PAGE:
The frequency counts used in calculating the TF-LF scores are static probability counts based on the occurrence of n-grams found in sets of training data. Two training sets are maintained for each language, one containing given name data and the other surname data. Separate training sets for the entire collection of given name and surname data from all of the languages combined (needed as described above to calculate the LF portion of the TF-LF score) are not maintained, but are created dynamically when The implementation is launched. This greatly simplifies upkeep of the training data since making changes to any individual set of training data does not require a second adjustment to a master list.

The parsing units (i.e., n-grams) for which probabilities are determined are sixgrams, based on concatenations of the trigrams found in a name. A sequential matrix of trigram combinations is created across the name in order to provide a more holistic assessment of the name's orthographic characteristics. First, the initial trigram in the name is combined with all successive trigrams in the name. The same process then proceeds from the second trigram in the word, and so on. For a name like <Smith>, the following sixgrams would be created. Note that the first and last trigrams assume a pad (space) on the ends of the name, and so only have two letters.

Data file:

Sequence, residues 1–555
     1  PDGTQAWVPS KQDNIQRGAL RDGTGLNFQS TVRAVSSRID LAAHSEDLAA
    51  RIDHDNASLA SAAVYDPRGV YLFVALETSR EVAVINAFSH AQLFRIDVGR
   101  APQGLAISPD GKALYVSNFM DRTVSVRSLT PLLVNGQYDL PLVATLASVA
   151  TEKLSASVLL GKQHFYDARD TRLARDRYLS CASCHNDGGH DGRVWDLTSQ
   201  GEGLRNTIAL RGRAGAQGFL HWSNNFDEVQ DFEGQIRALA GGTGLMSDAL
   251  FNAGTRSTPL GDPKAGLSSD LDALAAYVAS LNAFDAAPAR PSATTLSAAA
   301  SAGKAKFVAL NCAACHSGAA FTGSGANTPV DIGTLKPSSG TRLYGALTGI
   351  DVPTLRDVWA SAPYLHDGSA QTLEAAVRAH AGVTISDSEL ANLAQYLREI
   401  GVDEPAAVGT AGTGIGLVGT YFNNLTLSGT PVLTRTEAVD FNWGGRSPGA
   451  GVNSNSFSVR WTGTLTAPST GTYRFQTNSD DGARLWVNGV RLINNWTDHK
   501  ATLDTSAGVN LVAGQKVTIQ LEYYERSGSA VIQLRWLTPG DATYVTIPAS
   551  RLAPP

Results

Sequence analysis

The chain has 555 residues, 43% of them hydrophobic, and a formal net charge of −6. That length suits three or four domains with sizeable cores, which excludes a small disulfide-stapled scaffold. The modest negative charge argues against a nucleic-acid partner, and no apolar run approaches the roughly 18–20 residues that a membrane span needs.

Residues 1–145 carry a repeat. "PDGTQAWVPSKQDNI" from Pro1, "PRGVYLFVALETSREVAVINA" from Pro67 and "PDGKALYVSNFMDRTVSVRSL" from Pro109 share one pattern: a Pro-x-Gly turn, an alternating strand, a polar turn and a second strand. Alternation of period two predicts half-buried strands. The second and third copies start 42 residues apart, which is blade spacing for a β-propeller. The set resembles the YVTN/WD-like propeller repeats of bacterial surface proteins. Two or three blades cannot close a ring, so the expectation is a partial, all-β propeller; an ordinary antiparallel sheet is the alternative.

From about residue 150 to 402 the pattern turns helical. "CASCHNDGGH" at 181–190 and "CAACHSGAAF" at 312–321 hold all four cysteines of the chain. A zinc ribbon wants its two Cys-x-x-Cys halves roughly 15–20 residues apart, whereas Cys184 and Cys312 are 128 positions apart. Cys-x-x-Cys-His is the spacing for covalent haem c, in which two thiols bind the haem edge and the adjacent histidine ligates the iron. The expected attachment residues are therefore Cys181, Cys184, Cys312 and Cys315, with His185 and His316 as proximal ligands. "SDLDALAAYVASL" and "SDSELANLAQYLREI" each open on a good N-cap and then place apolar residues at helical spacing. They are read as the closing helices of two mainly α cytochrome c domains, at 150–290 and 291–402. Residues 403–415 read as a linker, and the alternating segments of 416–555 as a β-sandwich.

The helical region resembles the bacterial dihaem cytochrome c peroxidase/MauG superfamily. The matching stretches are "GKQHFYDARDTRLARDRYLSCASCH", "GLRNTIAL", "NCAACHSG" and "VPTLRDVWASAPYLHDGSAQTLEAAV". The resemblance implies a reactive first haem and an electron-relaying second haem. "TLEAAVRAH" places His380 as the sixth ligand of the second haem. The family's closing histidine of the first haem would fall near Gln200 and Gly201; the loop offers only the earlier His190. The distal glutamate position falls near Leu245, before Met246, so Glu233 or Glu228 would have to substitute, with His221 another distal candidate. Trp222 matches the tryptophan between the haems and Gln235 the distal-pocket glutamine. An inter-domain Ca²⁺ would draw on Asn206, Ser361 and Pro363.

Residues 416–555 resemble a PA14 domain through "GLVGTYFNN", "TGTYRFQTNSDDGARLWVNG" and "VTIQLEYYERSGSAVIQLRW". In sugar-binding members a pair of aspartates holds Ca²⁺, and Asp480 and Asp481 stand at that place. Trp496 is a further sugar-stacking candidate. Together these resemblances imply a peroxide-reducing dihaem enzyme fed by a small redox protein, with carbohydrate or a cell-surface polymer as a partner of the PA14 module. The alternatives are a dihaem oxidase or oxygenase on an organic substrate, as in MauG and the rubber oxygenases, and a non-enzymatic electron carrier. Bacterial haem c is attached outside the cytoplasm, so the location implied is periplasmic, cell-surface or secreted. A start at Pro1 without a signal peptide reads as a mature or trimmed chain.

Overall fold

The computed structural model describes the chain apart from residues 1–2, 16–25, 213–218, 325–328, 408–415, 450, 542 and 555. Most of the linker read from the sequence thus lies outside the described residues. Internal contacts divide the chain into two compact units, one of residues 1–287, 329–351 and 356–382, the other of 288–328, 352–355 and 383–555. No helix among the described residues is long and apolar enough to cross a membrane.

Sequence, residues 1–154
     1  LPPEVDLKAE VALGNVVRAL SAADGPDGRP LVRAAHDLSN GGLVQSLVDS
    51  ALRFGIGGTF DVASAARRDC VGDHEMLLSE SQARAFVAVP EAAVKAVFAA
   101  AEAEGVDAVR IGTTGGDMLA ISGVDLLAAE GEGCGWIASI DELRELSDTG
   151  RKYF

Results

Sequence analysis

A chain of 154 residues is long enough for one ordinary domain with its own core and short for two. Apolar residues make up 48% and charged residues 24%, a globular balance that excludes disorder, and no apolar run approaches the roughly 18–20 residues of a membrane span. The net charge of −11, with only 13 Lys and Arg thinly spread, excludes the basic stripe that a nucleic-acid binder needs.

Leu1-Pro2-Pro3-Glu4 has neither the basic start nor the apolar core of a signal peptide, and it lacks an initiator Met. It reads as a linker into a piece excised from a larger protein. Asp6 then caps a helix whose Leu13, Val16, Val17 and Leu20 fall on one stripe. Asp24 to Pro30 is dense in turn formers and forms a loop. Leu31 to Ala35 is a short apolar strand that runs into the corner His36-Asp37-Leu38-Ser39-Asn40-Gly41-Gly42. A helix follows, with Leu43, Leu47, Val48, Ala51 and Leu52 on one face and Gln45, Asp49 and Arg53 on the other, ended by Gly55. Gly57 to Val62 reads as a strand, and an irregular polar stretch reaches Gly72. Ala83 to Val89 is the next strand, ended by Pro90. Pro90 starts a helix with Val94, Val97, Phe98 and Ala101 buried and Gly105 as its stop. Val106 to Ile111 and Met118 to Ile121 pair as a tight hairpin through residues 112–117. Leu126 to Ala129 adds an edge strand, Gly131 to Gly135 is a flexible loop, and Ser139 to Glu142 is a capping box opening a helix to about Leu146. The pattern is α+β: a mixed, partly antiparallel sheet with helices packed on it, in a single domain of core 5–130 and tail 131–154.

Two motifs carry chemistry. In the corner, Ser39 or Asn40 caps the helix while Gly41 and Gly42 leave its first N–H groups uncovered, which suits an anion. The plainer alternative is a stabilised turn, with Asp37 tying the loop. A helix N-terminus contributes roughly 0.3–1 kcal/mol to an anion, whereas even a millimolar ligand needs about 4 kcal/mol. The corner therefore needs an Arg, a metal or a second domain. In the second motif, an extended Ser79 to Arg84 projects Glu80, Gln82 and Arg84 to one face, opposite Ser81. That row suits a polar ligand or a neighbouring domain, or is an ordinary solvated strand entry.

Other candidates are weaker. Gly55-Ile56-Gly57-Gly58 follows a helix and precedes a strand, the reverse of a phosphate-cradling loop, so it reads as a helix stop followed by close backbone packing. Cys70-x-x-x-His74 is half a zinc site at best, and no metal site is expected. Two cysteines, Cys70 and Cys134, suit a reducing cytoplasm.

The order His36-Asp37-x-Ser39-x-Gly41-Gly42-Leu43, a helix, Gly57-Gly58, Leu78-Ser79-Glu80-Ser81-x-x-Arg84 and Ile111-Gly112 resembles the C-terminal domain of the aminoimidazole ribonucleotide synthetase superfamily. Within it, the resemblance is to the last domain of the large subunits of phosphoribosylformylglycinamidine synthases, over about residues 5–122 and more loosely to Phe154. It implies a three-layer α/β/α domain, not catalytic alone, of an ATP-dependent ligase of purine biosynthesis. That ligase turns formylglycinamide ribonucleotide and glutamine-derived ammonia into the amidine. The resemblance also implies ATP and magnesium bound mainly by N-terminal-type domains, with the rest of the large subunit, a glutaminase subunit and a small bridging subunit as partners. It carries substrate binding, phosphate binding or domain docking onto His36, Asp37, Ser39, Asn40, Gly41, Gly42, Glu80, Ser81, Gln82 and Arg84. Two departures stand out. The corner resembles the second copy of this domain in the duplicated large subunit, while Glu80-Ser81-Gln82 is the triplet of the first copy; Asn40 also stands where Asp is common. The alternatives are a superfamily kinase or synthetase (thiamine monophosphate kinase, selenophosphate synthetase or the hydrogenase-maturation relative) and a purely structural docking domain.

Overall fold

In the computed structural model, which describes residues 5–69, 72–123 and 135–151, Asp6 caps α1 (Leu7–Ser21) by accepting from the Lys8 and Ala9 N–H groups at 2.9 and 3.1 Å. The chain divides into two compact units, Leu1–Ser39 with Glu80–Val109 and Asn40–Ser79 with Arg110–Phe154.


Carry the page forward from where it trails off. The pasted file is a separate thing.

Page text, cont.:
<SMSMI SMIMIT MITITH ITHTH>
<SMMIT SMIITH MITTH>
<SMITH SMITH>
<SMTH>

So, a score for the name Smith may be determined for each language by adding up the scores (TF-LF scores) of each n-gram above.

As mentioned above, one advantage of this approach is that various combinations of letter groupings in the name are used. This may simulate the process the human mind goes through while looking for recognizable patterns in a name. Another advantage of this approach is that it provides more material for measurement than simple n-grams alone. For instance, padded names broken into trigrams will always contain as many trigrams as there are letters in the word, e.g., <Smith> contains five: <SM SMI MIT ITH TH>. The same name using the whole-word approach yields ten units that can be measured. The following formula yields the number of sixgrams that will be created for a name (where n=the number of letters in the name): n(n-1)2